McMaster sued over order bringing all remaining S.C. state employees back to the workplace

Updated: Apr. 6, 2021 at 10:26 AM EDT
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COLUMBIA, S.C. (WMBF) – A lawsuit has been filed against South Carolina Gov. Henry McMaster over his executive order that called for all remaining state employees still working from home to return to the workplace on a full-time basis.

The lawsuit, filed April 5, names College of Charleston employee Deborah Mihal and the American Civil Liberties Union Foundation of S.C. as the plaintiffs, while McMaster and Marcia Adams, the executive director of the S.C. Department of Administration, were listed as the defendants.

At issue is McMaster’s March 5 order that advised state agencies to “immediately expedite” the return of non-essential state employees to in-person work, according to the lawsuit.

RELATED: McMaster lifts mask mandate for S.C. government buildings, restaurants

“This was a complete course reversal from the Governor’s order that non-essential state employees work remotely, which they had been doing effectively for a year,” court documents state.

The lawsuit states that Mihal is the director of disability services for the College of Charleston and has been working remotely for the past year due to the COVID-19 pandemic. According to court documents, she has been able to fulfill her responsibilities while acting as the primary caretaker for her 9-year-old son, who is enrolled in remote learning.

According to the lawsuit, the order requiring her to return to the workplace by April 5 has left Mihal without options for childcare or “workable accommodations.” Court documents state her husband works full-time out of the house five days a week and she has gotten no response from her outreach to the principal at her son’s school to see if she can switch him to in-person learning.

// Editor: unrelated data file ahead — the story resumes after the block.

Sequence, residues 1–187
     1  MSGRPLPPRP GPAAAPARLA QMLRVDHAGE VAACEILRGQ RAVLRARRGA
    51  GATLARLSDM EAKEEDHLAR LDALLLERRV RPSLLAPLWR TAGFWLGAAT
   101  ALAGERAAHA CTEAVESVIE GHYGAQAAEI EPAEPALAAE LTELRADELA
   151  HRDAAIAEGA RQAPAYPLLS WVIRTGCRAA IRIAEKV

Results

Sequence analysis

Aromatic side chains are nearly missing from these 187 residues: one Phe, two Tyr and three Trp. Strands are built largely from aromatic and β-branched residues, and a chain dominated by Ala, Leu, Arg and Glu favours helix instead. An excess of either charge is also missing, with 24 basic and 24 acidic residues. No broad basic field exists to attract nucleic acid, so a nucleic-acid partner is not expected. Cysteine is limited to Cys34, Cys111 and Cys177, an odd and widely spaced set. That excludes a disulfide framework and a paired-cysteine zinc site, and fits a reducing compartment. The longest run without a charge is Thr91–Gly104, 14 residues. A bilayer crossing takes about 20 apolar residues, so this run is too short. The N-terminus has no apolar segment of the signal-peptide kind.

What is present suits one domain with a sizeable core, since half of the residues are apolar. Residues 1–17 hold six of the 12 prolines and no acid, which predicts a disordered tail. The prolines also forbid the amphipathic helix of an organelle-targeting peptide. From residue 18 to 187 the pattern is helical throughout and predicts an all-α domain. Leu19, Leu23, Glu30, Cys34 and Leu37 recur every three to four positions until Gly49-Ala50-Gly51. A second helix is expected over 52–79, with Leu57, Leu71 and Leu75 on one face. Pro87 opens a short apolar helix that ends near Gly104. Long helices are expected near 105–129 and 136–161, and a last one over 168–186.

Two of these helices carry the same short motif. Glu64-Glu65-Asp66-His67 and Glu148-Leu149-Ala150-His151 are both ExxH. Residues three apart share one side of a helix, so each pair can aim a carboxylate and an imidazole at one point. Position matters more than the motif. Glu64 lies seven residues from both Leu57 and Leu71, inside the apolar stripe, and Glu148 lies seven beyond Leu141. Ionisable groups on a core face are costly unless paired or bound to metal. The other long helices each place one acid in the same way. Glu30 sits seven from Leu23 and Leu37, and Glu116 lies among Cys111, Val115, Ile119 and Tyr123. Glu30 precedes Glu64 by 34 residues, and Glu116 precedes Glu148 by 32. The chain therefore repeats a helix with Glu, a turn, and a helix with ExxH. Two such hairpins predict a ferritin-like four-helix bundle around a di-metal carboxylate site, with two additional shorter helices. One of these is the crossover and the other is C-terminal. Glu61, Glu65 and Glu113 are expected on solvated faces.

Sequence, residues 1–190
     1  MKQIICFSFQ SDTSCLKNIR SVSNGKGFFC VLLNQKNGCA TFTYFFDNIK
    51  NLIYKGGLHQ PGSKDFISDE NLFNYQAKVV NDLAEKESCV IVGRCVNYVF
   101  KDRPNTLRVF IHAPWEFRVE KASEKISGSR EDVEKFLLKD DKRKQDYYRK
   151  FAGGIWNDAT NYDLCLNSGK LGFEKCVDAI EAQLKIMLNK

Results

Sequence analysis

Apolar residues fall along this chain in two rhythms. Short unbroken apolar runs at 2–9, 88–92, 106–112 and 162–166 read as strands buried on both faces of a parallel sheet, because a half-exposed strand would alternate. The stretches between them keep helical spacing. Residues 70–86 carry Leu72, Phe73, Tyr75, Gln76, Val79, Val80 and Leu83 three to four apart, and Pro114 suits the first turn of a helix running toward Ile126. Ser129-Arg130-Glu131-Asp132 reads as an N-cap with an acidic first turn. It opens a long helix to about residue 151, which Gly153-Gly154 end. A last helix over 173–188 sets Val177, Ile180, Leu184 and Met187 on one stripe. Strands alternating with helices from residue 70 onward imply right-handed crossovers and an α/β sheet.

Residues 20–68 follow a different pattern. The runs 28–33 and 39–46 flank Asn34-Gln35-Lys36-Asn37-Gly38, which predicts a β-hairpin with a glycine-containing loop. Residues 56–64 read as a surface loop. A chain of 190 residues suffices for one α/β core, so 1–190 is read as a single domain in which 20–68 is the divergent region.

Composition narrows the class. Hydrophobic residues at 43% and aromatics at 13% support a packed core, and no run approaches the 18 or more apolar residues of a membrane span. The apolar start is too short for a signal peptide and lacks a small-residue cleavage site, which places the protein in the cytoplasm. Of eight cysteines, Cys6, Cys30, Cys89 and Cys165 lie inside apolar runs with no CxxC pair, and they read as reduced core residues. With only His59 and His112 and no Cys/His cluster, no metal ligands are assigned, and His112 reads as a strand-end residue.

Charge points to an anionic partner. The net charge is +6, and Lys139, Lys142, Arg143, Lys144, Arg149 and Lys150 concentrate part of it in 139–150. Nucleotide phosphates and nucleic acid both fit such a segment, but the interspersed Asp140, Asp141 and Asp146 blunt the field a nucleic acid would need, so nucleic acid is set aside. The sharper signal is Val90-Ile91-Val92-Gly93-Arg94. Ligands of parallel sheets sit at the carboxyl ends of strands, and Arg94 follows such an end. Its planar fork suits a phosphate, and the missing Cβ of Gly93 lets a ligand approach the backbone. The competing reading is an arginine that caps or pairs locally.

“Additionally, both returning to the workplace and all of her available childcare options would increase her and her family’s exposure to COVID-19,” the lawsuit states. “Mihal scheduled her vaccination as soon as she could, and though she has an appointment, she will not be fully vaccinated before she is required to return to the workplace.”

According to the lawsuit, the College of Charleston has not provided her with any solutions, stating administrators have suspended the approval of new telecommuting agreements.

“Additionally, several members of the ACLU of SC are also unable to find adequate childcare on such short notice,” the lawsuit states.

According to court documents, other members of the ACLU of SC are put at risk by the order calling for their return to the office because they are breastfeeding or having chronic health conditions.

“There is simply no emergency need, or business necessity, served by requiring nonessential employees to return to the workplace in person at this time. Non-essential state employees have been working remotely successfully for over a year,” the lawsuit states.

The plaintiffs are asking the court to prevent the use of any policy or procedure requiring non-essential employees to return to the workplace in-person “that is inconsistent with the responsibility to protect the safety, security, or welfare of the State.”

Brian Symmes, communications director for the governor’s office, released the following statement:

“South Carolinians all over the state have been going to work, in person, throughout the last year and they have been able to do it safely. The Department of Administration has done an incredible job working with agency heads to bring state employees back into the office in a safe way, providing flexibility to make accommodations when necessary and giving agencies time to implement safety precautions in the workplace.

“It’s ridiculous to think that requiring employees to go to work is discriminatory in any way. Employees were given weeks to make any necessary plans for a number of contingencies including childcare, and with 94% of South Carolina’s childcare facilities open for business, there should be no issue for anyone actively working to make those arrangements.”

The full lawsuit can be read below:

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